Using Risk Assessment Templates to Prioritize Business Measures
Steven Minsky | July 6, 2011
The number of business measures within organizations is typically growing. Measures are often added on a reaction basis to loss events that have already occurred. Wouldn’t it be valuable to be able to focus on forward-looking measures? In most organizations, these preventative, proactive measures are indistinguishable when grouped with reactive measures, because the metrics do not formally tie back to any commitments or risks.
What if a risk or activity changes? Organizations have no way of knowing how and if these changes will affect their risk metrics. Risk Assessments and linking risks to activities allows organizations to start prioritizing what activities need to be monitored. Through quarterly (or even annual) business risk assessments, organizations can detect increased threat levels and identify new emerging risks before they materialize and bring your risk metrics out of tolerance.
Business risk metrics are important because you cannot improve what you cannot measure. However, large numbers of unconnected goals is problematic because:
- Measurement fatigue – staff may simply ignore many measures because of a lack of time to assess them.
- Measure obsolescence – in a changing environment there is no effective way of knowing when measures no longer apply.
- Lack of prioritization – picking the measures to focus on is likely to be on an ad hoc basis and upon the whim of current staff.
- Lack of continuity – changes in the organization or the development of new lines of business may result in new measures while existing measures may be more effective.
- Lack of coordination – often measures apply to multiple risks or commitments across functional lines. The inability to formally tie measures to risk or commitments does not promote inter-functional coordination resulting in business silos and duplication of effort.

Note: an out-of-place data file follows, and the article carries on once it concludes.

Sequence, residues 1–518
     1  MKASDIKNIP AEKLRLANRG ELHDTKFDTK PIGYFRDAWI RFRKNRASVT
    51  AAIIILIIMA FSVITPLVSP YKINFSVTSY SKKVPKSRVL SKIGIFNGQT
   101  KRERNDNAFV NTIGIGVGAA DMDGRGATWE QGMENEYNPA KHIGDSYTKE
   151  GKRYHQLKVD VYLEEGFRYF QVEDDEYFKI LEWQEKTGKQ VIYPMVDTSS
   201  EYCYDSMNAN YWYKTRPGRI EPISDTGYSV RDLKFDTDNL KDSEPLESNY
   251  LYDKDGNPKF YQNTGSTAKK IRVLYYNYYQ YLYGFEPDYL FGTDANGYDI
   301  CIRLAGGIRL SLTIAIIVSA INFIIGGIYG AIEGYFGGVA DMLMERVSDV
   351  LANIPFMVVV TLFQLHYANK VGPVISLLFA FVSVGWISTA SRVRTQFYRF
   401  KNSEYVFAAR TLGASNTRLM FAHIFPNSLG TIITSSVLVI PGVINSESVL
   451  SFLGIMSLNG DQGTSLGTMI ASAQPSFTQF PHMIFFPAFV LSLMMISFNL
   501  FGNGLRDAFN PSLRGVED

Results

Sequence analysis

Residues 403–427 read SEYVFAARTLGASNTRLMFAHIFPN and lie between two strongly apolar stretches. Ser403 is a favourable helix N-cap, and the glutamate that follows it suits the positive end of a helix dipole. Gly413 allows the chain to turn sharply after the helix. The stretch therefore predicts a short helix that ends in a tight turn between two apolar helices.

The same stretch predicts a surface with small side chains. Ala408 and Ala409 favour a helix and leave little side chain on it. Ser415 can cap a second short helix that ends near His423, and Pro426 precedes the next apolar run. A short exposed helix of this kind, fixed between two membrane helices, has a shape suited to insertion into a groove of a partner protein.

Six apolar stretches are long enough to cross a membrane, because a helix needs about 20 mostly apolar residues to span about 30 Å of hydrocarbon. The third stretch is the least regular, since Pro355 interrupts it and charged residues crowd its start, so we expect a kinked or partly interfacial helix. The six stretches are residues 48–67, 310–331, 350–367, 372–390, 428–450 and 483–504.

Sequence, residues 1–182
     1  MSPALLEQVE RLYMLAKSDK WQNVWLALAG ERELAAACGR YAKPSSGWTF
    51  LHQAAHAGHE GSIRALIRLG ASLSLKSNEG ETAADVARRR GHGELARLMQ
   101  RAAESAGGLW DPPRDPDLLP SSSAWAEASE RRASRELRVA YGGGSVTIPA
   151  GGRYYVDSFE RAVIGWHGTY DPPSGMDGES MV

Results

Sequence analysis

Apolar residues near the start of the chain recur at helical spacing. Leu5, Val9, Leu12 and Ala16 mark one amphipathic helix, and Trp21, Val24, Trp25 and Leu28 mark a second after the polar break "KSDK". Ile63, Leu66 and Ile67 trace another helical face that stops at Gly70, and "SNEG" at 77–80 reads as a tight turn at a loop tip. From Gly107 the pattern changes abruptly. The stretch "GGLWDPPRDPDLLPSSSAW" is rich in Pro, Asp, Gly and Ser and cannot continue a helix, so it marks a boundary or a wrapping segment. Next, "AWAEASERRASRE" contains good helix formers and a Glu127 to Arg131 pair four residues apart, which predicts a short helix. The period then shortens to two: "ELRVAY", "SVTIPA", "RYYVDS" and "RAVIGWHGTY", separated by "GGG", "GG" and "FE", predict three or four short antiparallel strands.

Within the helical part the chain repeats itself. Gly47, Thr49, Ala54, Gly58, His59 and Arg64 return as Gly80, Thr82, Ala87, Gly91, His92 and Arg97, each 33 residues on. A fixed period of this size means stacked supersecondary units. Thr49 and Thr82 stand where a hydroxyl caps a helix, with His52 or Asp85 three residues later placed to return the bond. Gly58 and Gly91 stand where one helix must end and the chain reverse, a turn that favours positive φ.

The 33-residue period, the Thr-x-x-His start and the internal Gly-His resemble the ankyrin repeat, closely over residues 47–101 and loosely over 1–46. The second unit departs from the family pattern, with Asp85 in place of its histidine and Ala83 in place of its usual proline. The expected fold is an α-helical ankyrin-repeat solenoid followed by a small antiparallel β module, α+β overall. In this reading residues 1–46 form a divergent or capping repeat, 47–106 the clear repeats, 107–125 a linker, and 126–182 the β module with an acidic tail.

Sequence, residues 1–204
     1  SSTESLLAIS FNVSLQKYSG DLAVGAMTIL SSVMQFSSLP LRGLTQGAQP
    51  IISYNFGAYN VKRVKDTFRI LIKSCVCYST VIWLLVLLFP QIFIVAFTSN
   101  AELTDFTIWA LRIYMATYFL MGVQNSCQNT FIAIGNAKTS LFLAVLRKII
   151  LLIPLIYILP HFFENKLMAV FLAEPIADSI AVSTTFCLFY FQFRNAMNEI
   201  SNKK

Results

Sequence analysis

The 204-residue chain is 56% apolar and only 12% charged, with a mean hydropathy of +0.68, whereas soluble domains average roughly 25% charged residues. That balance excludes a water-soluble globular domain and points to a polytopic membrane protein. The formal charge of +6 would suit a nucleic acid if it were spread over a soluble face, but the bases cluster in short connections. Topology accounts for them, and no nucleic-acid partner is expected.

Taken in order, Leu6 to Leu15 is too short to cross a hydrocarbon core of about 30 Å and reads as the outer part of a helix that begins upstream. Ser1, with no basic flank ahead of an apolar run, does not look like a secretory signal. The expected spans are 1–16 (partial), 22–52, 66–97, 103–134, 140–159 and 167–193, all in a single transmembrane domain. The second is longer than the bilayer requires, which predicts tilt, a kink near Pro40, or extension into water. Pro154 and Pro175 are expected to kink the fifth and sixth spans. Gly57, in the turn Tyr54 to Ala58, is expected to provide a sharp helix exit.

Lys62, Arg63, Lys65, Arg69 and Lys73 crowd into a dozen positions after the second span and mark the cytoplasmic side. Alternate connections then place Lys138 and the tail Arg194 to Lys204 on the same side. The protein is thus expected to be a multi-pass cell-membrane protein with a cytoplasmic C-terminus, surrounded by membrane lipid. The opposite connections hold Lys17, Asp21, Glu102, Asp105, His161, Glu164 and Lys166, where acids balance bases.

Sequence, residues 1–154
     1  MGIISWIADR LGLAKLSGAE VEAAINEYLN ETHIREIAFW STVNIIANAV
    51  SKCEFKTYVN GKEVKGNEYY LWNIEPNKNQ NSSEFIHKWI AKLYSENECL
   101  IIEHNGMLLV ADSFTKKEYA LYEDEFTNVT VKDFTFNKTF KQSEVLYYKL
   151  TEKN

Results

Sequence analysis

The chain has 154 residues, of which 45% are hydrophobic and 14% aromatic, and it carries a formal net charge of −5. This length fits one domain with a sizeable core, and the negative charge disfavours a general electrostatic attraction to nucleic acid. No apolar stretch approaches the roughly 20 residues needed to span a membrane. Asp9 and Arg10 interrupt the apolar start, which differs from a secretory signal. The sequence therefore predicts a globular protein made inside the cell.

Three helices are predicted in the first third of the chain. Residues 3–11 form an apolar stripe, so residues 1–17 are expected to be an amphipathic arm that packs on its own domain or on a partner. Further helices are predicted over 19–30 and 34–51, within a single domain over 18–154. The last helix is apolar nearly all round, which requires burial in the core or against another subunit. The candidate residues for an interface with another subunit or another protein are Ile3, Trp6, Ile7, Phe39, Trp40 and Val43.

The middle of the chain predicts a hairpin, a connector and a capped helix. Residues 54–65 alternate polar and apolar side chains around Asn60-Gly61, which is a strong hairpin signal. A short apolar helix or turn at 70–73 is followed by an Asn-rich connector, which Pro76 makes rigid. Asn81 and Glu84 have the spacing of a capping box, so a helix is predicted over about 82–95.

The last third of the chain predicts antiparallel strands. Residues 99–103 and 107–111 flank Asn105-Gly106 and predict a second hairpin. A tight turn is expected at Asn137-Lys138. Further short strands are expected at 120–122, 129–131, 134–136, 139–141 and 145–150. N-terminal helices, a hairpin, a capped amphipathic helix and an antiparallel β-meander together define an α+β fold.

- Wasted resources – The amount of resource available to accomplish business goals and to mitigate risk is finite. Staff will often continue to manage to obsolete or unimportant measures rather than aligning with current imperatives.
- Resistance to change – A difficulty to apply past experience to a changing business environment resulting in a tendency to “reinvent the wheel.”
Much of the necessary information exists in organizations today; the missing piece is formalizing these critical connections. Enterprise Risk Management (ERM) software has functionality to identify risks and commitments; assess them based upon likelihood, impact and assurance; evaluate whether action is needed; devise mitigation or business building activities if needed, specify and record measurements to track effectiveness, and finally formalize the connection between all of these activities.
Connecting the measurements to the risk mitigation activities and business initiative data and then back to the underlying risk and commitments will provide the following benefits:
- ERM Reports: Explicit prioritization of measures based upon a risk/reward index and a dashboard presentation on the heat map dashboard in LogicManager.
- Operational Risk Management: Real-time trending of measures on an ongoing basis with measure consolidation used to direct management attention to problem (out of tolerance) conditions.
- Risk Assessment Templates: Allow for rational elimination of measures that have low priority or non-existing connections to risks or strategic imperatives.
- Performance Management: Facilitate new business initiative business measurements prioritized upon risk or business commitments.
- Resource Allocation: More effective use of scarce resources.
The key is working with the functional managers to make the connections. The immediate benefit will be to identify measures that are not connected to any risk or initiative and to determine if they should be eliminated. Then, once the connections are made, use the management tools in your Enterprise Risk Management software on an ongoing basis to improve utilization of business measures within your organization.